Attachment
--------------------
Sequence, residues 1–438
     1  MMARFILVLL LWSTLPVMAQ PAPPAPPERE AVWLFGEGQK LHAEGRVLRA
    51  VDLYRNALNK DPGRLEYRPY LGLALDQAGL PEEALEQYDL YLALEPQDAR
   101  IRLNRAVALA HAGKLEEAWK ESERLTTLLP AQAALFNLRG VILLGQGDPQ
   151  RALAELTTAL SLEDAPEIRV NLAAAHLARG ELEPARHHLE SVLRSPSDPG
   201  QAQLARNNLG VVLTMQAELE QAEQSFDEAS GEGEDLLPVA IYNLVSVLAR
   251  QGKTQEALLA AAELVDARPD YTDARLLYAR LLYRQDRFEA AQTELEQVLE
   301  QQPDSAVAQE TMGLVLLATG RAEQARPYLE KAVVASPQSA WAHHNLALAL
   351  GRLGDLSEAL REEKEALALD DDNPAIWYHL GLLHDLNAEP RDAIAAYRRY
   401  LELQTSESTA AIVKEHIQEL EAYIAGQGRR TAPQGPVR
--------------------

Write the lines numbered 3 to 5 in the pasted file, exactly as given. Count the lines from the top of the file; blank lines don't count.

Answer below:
    51  VDLYRNALNK DPGRLEYRPY LGLALDQAGL PEEALEQYDL YLALEPQDAR
   101  IRLNRAVALA HAGKLEEAWK ESERLTTLLP AQAALFNLRG VILLGQGDPQ
   151  RALAELTTAL SLEDAPEIRV NLAAAHLARG ELEPARHHLE SVLRSPSDPG